Tahlequah Daily Press

Local News

December 13, 2012

THS senior expresses herself with dance

TAHLEQUAH — A dancer works out hard, like an athlete. But she’s also graceful and coordinated, and keeps time to music as an artist.

Tahlequah High School senior Lauren Walker, 17, has qualified the past four years for the state solo competition of the Oklahoma State Dance Teachers Dance Association. This year’s contest was held at Oklahoma City University, Friday, Dec. 7.

To compete, dancers have to be members of OSDTDA, and participate in a November qualifying contest.

“It’s very exciting. I am blessed and privileged to have represented Tahlequah and Melissa’s Dance Studio for the fourth time,” Walker said. “It is exciting, because it definitely gives me a lot of confidence, knowing I am in the top ranking of dancers around the state.”

Each year, about 75 to 80 dancers from around the state compete at the state solo qualifier at Sapulpa High School in early November. The top scorers, usually 10 to 15 girls, are selected to compete at state.

They use the natural cut-off in scores to determine the state qualifiers, Walker said.

“We all compete in one division. It’s not divided into classes such as 6A, 5A, like other sports,” Walker said. “Dancers from small schools and small towns are competing against dancers from large schools and large cities.”

The competition is pretty tough, she said.

“More than half of the girls at state this year, I have competed against at some point in the past few years at state,” she said. “There are a lot of talented dancers.”

Many of them train at dance studios and are members of their high school pom/dance teams.

Jenna Stocks does Walker’s choreography.

“She always does a great job on my dances,” Walker said. “I trust her, and she knows all of my skills, strengths, and abilities. She has always pushed me to do my best, and I thank her greatly for that.”

Stocks always asks for Walker’s opinions, which helps personalize the choreography.

“I can portray the correct emotions and feelings,”  Walker said. “Jenna always has new ideas, and we like to experiment.”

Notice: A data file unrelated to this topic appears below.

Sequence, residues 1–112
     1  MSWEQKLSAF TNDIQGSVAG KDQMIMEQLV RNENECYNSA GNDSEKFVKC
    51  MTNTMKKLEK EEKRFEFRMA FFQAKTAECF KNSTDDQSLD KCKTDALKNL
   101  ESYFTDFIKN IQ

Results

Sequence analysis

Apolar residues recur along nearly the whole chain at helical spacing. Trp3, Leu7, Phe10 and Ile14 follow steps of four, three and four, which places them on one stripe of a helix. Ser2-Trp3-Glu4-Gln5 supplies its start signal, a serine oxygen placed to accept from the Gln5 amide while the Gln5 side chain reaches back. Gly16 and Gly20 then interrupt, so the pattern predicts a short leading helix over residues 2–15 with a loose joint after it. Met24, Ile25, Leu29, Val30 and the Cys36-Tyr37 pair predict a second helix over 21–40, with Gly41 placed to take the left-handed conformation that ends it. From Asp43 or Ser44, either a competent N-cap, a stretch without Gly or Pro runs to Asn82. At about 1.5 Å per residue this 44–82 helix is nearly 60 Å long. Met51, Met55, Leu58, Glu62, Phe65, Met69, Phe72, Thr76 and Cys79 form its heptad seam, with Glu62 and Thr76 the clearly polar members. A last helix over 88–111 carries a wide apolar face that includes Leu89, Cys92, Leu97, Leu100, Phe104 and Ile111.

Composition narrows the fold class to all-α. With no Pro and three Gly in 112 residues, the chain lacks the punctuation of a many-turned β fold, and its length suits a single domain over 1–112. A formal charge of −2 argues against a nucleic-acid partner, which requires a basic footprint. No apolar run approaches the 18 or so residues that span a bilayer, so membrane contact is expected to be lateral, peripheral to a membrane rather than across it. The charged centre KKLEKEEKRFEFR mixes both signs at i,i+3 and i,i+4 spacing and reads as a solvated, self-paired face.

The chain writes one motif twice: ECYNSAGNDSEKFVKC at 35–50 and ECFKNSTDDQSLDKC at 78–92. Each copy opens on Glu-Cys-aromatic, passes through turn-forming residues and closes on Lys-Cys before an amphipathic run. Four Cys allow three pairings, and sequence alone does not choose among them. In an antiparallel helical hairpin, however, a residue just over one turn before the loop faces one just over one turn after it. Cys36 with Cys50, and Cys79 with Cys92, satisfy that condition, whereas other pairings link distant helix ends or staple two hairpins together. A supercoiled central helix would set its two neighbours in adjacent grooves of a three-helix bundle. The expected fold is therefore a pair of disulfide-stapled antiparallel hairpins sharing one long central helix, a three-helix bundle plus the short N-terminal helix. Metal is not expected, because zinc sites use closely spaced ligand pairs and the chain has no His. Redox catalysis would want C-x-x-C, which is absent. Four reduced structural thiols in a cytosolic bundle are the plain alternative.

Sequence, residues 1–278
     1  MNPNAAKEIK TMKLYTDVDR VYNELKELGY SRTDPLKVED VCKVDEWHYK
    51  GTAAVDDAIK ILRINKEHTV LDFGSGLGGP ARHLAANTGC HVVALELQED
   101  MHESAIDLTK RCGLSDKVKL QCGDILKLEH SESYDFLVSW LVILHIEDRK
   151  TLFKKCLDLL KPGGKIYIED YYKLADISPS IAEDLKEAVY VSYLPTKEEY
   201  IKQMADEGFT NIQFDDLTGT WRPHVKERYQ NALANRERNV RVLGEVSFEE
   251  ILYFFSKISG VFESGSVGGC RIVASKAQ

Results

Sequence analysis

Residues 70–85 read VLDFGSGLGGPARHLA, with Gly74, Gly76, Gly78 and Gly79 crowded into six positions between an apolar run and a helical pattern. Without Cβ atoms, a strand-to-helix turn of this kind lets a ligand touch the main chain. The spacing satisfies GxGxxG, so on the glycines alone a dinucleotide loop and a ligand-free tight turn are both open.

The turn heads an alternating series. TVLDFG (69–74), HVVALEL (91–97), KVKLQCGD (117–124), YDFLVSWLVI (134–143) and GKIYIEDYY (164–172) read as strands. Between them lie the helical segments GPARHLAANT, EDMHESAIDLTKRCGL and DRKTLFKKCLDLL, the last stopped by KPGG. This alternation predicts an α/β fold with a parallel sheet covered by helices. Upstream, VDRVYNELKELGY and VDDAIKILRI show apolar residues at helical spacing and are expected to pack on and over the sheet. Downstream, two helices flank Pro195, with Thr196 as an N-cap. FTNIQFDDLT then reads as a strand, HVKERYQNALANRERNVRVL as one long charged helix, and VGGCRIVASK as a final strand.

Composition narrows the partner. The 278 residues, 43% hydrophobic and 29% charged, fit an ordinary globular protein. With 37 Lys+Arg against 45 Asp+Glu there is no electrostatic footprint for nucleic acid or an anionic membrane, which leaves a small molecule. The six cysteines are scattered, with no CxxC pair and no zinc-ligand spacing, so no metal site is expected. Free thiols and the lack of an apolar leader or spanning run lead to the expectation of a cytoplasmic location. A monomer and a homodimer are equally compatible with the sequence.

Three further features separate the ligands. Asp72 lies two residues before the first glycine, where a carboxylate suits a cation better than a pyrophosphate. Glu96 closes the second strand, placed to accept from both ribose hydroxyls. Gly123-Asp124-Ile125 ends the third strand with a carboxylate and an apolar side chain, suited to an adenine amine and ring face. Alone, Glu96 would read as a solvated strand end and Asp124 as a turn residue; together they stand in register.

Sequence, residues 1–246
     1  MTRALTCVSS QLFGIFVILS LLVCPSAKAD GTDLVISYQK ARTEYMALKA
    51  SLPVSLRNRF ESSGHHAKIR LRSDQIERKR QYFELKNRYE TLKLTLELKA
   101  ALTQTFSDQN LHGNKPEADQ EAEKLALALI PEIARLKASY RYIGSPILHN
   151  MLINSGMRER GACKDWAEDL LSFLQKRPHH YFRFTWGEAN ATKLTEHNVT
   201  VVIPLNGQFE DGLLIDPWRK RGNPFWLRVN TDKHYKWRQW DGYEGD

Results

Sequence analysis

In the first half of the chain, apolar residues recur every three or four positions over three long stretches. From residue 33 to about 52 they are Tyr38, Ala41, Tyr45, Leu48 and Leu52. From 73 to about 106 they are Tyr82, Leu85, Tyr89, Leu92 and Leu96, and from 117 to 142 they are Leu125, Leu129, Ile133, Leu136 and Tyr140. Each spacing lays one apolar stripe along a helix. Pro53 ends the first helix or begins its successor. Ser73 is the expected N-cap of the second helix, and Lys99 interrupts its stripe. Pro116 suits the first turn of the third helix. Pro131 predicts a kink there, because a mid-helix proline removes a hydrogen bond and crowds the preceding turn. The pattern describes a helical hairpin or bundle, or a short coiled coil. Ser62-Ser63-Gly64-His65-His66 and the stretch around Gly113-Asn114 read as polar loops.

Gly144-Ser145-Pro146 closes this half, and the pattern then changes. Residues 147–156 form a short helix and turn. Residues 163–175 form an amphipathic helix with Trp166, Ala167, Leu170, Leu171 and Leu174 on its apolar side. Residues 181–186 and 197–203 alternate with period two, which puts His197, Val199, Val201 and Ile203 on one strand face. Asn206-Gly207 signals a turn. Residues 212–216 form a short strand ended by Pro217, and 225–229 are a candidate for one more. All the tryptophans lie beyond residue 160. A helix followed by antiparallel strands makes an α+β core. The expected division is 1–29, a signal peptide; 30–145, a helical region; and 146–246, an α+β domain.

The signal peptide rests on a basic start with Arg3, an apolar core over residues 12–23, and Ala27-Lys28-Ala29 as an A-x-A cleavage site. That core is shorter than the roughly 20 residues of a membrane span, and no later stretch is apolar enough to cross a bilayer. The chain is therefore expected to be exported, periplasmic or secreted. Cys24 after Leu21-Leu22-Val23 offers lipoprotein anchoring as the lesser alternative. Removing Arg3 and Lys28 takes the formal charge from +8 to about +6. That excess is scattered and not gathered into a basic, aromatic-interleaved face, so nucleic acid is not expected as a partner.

This year, Walker performed contemporary routine to the song “More Time” by Need To Breathe.

Walker has studied dance since she was 3.

“I enjoy dancing because it is my passion; it’s how I express myself,” Walker said. “The studio has always been my home away from home, my time to calm down, my stress reliever. I always find joy in dancing.”

Since seventh grade, she’s participated in OSDTDA competitions, Universal Dance Association competitions, OK-LA Dance showcases, Company Dance competitions and a number of others.

She’s danced on the Tahlequah Middle School Pom squad as a seventh- and eighth-grader, the Tahlequah High School Pom squad her freshman year, and Melissa’s Dance Studio’s “Barefoot & Company.”

“Contemporary and modern are probably my favorite styles; I would have to say it’s what I’m best at. Occasionally, I like to do a sassy jazz number,” she said. “After 14 years, dance is what I am committed to. I truly love it. I believe it’s my God-given talent.”

She admires dancers from a variety of backgrounds.

“During the summer, I am a huge fan of ‘So You Think You Can Dance,’” said Walker. “Both the dancers, like Lauren Froderman and Melanie Moore, are famous, and award-winning choreographers like Mia Michaels and Travis Wall are amazing and inspiring. I also look up to my teachers, Meredith Coons and Melissa Curtis, and the older girls DeeAnn Amlin, Sydney Jennings and Jenna Stocks at [Melissa’s] dance studio. They have taught me everything I know. They have pushed me to reach my potential and I wouldn’t be where I am today without them.”

Walker spends about eight to 10 hours a day during each week, preparing for competition.

Her advice to other young dancers is to persevere.

“No matter what, never give up,” said Walker. “Watch others and have fun with it. Dance is all about passion and feeling, so let your love for it show.”

She is the daughter of Jeff and Diane Walker and has one sister, Rachel Walker, an eighth-grader at TMS.

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What to you think of a state Legislature proposal to forbid cities from raising the minimum wage? Choose the closest to your opinion.

The federal government should set the minimum wage across the board.
States should be allowed to raise their minimum wages, but not cities.
Both states and cities should be allowed to raise their minimum wages.
Cities should be allowed to raise their mimum wages, but not states.
There should be no minimum wage at all.
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